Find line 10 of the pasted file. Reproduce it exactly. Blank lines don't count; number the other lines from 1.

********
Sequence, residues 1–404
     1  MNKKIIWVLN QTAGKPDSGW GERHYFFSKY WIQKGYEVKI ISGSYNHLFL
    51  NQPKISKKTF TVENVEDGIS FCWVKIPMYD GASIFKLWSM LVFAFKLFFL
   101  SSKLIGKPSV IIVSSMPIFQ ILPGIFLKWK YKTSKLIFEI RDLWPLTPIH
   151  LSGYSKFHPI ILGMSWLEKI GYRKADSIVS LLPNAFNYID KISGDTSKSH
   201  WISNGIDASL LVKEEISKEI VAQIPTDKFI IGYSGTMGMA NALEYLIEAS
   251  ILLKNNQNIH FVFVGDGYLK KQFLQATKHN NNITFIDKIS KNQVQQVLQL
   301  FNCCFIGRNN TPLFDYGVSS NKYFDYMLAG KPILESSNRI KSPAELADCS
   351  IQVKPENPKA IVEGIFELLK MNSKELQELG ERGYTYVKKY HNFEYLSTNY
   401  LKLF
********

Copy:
   401  LKLF